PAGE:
Tell a Compelling Story to Raise Awareness and Revenue

Is your nonprofit telling a compelling story?

The mission of Main Street is to enhance the economic prosperity and cultural vitality of historic downtown districts. To succeed, organization’s must be able to demonstrate real change on the ground with visible improvements AND specific metrics of success. To do this, use positive statistics such as jobs added, new businesses open, reduced storefront vacancies, and, an important one for local revenues, increase in property values.

Main Street Lexington has a great story to tell and the media is taking notice, spreading the word that downtown is “alive and thriving”.

“About 18 months ago, we had 14 or 15 [vacancies],” says Stephanie Wilkinson, Executive Director of Main Street Lexington. “Right now, we have about 2 or 4, depending on how you count.”

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Lexington “Get Downtown” 2016 Event

At a recent training in Lexington, the Virginia Main Street program managers discussed The Storytelling Nonprofit: A Practical Guide to Telling Stories That Raise Money and Awareness by Vanessa Chase Lockshin. Telling a story that can point to specifics will raise awareness, boost program credibility, and inspire advocates and funders to take on the role of hero.  However, finding the balance between reporting quantitative statistics and the qualitative community experience can be a challenge.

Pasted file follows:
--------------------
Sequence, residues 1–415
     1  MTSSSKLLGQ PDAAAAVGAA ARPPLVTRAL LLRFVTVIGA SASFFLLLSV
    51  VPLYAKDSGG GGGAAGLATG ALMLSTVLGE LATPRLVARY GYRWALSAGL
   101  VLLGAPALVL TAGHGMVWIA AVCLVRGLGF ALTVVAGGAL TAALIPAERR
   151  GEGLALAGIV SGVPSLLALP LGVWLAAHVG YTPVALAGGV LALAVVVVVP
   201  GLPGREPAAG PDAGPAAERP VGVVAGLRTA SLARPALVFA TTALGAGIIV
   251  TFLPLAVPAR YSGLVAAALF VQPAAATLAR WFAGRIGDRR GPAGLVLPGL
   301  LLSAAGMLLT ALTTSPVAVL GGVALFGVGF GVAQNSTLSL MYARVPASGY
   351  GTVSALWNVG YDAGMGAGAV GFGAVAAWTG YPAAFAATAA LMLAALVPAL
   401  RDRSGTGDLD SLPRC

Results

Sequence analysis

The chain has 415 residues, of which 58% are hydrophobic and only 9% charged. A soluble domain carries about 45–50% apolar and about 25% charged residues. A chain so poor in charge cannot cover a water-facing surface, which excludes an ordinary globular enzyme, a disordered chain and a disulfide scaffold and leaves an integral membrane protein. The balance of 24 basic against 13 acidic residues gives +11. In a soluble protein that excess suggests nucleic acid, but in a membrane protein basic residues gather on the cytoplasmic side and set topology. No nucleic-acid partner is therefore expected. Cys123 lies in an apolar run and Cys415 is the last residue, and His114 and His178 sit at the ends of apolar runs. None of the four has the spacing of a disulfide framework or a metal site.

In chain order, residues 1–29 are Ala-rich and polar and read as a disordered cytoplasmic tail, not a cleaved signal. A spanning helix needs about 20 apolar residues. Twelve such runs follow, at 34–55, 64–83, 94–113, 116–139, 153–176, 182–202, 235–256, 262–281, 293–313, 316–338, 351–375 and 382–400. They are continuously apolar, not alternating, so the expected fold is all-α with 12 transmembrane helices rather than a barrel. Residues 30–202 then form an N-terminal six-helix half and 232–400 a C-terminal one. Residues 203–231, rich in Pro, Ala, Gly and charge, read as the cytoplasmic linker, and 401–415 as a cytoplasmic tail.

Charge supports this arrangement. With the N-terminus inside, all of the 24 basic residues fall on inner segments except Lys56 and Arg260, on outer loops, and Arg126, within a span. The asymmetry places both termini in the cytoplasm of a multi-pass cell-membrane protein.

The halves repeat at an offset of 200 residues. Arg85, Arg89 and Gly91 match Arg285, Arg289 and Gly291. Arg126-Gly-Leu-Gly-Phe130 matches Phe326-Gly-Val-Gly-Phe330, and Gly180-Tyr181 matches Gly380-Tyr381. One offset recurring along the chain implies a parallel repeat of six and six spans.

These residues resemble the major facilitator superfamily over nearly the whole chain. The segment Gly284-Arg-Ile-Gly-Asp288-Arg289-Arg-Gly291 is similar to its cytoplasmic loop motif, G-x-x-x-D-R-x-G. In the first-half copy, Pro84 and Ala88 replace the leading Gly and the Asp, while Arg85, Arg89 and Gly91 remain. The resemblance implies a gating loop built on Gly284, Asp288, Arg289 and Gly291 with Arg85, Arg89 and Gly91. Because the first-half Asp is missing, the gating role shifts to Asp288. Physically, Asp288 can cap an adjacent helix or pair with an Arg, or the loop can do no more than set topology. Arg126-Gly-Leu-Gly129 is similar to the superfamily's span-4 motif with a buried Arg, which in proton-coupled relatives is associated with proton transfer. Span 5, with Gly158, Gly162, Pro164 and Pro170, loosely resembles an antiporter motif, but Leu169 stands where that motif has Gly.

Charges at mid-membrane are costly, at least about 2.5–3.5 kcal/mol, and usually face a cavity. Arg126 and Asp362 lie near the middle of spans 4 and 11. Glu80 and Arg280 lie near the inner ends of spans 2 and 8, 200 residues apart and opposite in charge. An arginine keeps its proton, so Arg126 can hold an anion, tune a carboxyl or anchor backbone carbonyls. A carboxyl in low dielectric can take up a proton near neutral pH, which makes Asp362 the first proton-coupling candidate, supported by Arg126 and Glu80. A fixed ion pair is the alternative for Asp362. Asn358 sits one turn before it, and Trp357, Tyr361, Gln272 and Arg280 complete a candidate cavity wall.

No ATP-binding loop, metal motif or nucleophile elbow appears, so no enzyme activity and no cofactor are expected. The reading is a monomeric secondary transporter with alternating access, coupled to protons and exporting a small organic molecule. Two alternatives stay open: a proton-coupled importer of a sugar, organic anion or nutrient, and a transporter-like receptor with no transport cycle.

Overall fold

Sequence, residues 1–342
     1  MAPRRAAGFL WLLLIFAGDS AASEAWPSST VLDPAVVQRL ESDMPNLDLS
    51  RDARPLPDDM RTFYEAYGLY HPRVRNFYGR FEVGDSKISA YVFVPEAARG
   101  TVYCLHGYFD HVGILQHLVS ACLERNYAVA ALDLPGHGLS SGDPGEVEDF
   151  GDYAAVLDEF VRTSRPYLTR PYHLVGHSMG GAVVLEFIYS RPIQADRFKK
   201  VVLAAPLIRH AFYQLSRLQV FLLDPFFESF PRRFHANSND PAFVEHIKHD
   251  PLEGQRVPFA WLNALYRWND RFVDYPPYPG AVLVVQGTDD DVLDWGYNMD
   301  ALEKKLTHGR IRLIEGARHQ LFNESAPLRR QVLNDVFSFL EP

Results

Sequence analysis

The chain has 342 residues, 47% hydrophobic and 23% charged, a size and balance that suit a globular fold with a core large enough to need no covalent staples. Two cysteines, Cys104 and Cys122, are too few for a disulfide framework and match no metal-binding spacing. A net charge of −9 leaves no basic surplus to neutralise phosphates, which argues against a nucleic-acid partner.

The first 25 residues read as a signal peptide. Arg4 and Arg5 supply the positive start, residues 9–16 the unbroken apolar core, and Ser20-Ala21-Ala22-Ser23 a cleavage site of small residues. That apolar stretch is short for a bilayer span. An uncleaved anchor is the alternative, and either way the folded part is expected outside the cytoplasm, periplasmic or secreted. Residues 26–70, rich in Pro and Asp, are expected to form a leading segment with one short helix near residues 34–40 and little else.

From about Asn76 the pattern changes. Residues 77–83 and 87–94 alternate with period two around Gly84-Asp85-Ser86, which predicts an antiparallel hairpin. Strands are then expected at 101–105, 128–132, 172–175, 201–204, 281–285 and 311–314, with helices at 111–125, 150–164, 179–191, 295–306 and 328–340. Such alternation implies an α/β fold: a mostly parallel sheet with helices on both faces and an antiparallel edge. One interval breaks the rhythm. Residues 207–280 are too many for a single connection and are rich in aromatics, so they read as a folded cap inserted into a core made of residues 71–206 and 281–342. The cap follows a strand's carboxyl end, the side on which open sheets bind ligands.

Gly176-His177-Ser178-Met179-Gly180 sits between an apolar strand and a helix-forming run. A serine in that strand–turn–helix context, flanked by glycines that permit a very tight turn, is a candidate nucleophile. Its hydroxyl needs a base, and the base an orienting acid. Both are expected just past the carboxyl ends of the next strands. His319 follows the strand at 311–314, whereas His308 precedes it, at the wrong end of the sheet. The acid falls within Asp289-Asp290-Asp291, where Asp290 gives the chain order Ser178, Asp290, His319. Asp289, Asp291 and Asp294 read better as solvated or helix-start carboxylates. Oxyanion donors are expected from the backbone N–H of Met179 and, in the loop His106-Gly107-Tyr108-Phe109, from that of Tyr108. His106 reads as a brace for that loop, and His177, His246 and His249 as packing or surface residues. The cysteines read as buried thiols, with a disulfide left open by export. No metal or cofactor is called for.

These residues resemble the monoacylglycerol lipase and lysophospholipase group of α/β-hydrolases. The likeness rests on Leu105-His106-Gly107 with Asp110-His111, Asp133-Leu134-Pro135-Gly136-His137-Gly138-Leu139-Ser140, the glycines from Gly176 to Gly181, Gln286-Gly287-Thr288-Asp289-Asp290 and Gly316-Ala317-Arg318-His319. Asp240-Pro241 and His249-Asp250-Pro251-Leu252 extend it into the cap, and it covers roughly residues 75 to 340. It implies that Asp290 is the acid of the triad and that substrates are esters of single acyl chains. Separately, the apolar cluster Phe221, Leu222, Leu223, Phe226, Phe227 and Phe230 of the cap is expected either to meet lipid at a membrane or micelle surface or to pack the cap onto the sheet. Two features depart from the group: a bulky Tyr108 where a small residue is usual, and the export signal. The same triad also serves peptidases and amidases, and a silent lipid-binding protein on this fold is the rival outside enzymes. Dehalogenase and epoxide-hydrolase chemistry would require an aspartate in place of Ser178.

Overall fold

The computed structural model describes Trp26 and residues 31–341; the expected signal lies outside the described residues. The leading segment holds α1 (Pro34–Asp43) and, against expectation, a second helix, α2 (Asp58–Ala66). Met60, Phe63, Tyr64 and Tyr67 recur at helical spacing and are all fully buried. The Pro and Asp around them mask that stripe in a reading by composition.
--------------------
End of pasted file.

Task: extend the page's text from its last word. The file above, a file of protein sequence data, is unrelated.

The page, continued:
Lockshin says, “By telling stories, we can connect donors to the emotional experiences associated with the issues our organizations are trying to solve, and emotions are the gateway to deep, meaningful relationships with donors.”

The book is chock full of practical tips for identifying and inspiring your target audience. “Know your audience” is one of the leading tips for a compelling story.

Lockshin helped write a brief storytelling guide for Network for Good.  Check out this resource to get started >>

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Local Incentives Drive Community Development

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Manassas Ribbon Cutting

One of the most important ways that a municipality can support it’s small business community is through targeted financial incentives. A recent Potomac Local article touted the expansion of the city of Manassas’ business incentive programs, including Façade Improvement Grants and Landscape Improvement Grants. These incentives will assist with the exterior renovations and landscaping of existing commercial or industrial properties.  The new initiatives are designed to encourage business owners to reinvest in properties throughout the City and serve as a redevelopment tool intended to bring new life to older structures.  Each pilot program has been allocated $50,000 and property owners must agree to invest $2 for every $1 the City invests.